Across the universe

It all begins when Amy Martin is asked the question ”Do you want to go with your mum and me to outer space or do you want to stay home on Earth?” For Amy, that’s not a hard question to answer. It is, however, hard to leave her school. Her friends. Her boyfriend. The life she’s always known. And it’s very hard agreeing to being frozen for three hundred years while travelling to this unknown planet that’s supposed to be her new home. A planet no one knows practically anything about. Expect that it’s habitable for human beings and that it'll solve their problems.

Amy leaves Earth, frozen and tucked away in a glass box, on the spaceship Godspeed. The trip is supposed to take three hundred years and when she wakes up, everything she’s ever known on Earth will be gone and long forgotten. But at least she has her parents. That’s what she thinks, anyway, until Amy by mistake is awoken, still on the ship and fifty years from the new planet, Centauri-Earth. She awakens to learn all the strangeness onboard the ship only to find out that it wasn’t a mistake that she was unfrozen. Someone did it in an attempt to kill her. What Amy is left with is uncertainty. Uncertainty of who wants her dead, and why. Uncertainty toward the ship and its inhabitants. Uncertainty about who, and why, someone walks around among the frozen, pulling them out and letting them die in their boxes. All she has to her help, to navigate through the endless list of lies, is Elder, the ships future leader, and Harley, the crazy painter who is considered mentally ill. Will that be enough to uncover the truth?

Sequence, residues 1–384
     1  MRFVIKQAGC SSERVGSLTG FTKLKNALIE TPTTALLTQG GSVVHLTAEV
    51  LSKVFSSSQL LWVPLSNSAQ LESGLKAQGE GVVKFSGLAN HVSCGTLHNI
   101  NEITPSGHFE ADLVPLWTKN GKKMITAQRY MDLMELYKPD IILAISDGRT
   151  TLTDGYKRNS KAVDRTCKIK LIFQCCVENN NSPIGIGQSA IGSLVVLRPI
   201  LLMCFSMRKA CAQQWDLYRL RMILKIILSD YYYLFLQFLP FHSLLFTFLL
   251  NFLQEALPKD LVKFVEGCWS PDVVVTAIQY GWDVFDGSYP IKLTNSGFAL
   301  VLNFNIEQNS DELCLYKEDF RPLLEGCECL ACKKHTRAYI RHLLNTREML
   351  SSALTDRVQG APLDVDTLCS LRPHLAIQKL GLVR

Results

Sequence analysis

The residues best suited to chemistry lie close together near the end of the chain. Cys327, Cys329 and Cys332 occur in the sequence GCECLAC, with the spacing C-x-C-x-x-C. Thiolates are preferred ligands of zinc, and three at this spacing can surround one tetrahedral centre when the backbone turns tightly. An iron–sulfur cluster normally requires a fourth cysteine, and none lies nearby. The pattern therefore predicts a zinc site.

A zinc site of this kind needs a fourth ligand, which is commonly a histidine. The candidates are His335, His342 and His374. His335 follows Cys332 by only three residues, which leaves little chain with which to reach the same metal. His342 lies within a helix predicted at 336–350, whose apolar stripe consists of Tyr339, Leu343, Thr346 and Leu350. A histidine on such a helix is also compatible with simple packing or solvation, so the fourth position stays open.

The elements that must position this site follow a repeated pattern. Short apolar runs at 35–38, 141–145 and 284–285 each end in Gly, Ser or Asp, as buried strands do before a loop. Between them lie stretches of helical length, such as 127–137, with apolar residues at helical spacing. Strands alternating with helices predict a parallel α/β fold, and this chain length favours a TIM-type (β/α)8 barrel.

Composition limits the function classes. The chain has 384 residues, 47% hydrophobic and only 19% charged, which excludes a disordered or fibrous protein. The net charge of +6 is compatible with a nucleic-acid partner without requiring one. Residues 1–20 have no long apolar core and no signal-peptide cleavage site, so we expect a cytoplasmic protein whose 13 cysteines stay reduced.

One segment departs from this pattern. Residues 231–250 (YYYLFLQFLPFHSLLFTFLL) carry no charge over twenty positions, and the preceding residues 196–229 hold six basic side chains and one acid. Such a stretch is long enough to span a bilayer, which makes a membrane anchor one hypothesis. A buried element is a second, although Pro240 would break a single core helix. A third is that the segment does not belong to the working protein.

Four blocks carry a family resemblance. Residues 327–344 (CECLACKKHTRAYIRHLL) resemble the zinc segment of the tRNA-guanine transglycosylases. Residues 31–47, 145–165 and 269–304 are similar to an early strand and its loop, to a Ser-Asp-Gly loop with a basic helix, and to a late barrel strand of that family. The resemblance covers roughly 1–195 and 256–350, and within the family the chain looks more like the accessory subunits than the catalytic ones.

This is Beth Revis debut novel and it’s a really good one. She writes about out of both Amy and Elder’s perspective, which gives more depth to the story. Not only is it an easier way to learn about how the ship is controlled and ruled, one can also see the differences between Amy and Elder. She’s a girl from Earth and he’s a boy who has never seen anything besides the metal of the ship. Yet somehow they’re pulled towards each other and while things shake around them, they have each other. I loved seeing the story out of both perspectives. It doesn’t always work writing like that, but it did here.

I didn’t have a clear idea of what this story was about, only that it took place on a spaceship and that the main character woke up too early from her frozen travel state. Across the universe turned out to be a fast paced novel about so much more than young love. Even though there is something growing between Amy and Elder, all that is put into shade as they search for the murderer. It’s a story about leaving everything you know behind to search for something new. To be scared out of your mind but still doing it. And it’s a story about crossing invisible borders and finding comfort and consolation in someone that might be more real than everyone left behind.

It’s quite hard to judge a book, to say “It’s this good or that good”. “From one to ten, I’d give it a nine”. I don’t like doing that, because those numbers means different things for different people. So I’ll say this instead. It was good, even great, but not sparkling brilliant. It’s not one of the best books I’ve ever read but I did enjoy it a lot. There is a sequel and I will most definitely read it.